Re: creaing new 3.0.4 kernel in squeeze --kernel panic
On Mon, 31 Oct 2011 14:54:37 -0400 (EDT), email@example.com wrote:
> I followed the instructions given in Kernel.htm and built a kernel
> from the source tree I had
> downloaded from www.kernel.org after issuing make-kpkg debian. I also
> patched kernel-package
> using the patch file (linuxv3.diff) mentioned on the web page.
> I also used make localmodconfig to greatly reduce the number of
> modules actually compiled.
> Compiling the kernel took 34 mins on my 1.6GHz laptop.
> I installed the kernel using dpkg as root, checked that an initramfs
> image had been created, closed down
> and rebooted.
> The kernel loaded, entered runlevel 2, but commands that tried to
> write to the fs failed because it was
> still readonly. The kernel finally hung with nfsd. ctrl-alt-del
> successfully rebooted. I shall recompile
> the kernel without NFS support because I don't need it.
In a typical Debian boot, there are three stages for the root
file system. In stage 1, the initial RAM file system is mounted
as the root (/) file system. The boot loader loads the (mostly)
compressed kernel image and the compressed initial RAM file system
image into memory, then passes control to the kernel. The boot
loader tells the kernel where the compressed initial RAM file system
image is by passing it's address to the kernel.
The kernel decompresses itself, decompresses the initial RAM file
system image, frees the memory associated with the compressed version
of the initial RAM file system, then mounts the uncompressed version
of the initial RAM file system as the root (/) file system.
For LILO, the "image" and "initrd" boot loader configuration records
specify the kernel image and initial RAM file system image to be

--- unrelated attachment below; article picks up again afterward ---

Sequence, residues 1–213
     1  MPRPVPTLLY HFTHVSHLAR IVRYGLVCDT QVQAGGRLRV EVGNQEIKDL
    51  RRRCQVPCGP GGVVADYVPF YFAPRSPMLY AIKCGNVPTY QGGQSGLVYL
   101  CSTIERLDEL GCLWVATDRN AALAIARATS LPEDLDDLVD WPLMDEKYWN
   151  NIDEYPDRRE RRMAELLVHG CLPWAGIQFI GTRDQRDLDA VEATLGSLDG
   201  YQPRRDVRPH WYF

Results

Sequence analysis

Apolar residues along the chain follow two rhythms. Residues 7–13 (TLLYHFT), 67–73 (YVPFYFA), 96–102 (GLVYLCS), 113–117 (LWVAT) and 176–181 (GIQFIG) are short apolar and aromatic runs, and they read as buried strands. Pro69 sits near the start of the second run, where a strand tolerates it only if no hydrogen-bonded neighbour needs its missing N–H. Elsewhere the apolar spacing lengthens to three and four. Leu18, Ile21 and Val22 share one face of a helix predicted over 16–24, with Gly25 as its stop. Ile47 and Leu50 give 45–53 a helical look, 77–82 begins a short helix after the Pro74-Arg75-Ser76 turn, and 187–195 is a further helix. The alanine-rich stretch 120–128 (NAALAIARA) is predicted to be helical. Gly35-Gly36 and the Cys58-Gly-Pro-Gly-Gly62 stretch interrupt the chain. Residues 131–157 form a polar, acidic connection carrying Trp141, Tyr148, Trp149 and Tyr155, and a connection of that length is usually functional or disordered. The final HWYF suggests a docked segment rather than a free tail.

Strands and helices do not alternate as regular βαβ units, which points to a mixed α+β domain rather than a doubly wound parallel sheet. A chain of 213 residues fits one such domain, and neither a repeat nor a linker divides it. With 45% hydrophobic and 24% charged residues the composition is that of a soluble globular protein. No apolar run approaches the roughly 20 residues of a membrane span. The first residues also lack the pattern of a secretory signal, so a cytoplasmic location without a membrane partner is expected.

In stage 2, once all modules needed to do I/O to the disk have
been loaded, as well as all modules needed to interpret the file system,
the permanent root file system is mounted. Typically, it is mounted
read-only. The location of the permanent root file system is passed
to the kernel via the kernel command line from parameters specified
in the boot loader configuration file. For LILO, the "read-only"
and "root" boot loader configuration records specify this information.
The corresponding options passed on the kernel command line are
"ro" and "root". Once the permanent root file system has been mounted
read-only, the uncompressed initial RAM file system image is freed from
memory. Additional kernel modules are loaded at this stage, including
those specified in /etc/modules. They are loaded from the permanent
root file system, still mounted read-only.
In stage 3, the permanent root file system is mounted read-write.
At this stage, the file system to use is specified by /etc/fstab.
Obviously, you must make sure that your boot loader configuration
file and /etc/fstab specify the same root file system. It is important
that you *not* use traditional device nomenclature, such as
etc. Generally, the newer the kernel, the less likely this is to work.
You should specify the root file system, both in the boot loader configuration
file and in /etc/fstab by using "UUID=xxx..." or "LABEL=xxx" specifications.
Since you seem to be having trouble at stage 3, the first thing I would
look at is /etc/fstab. If you don't find any errors there, please
post your boot loader configuration file, /etc/fstab, and the kernel
.''`. Stephen Powell
: :' :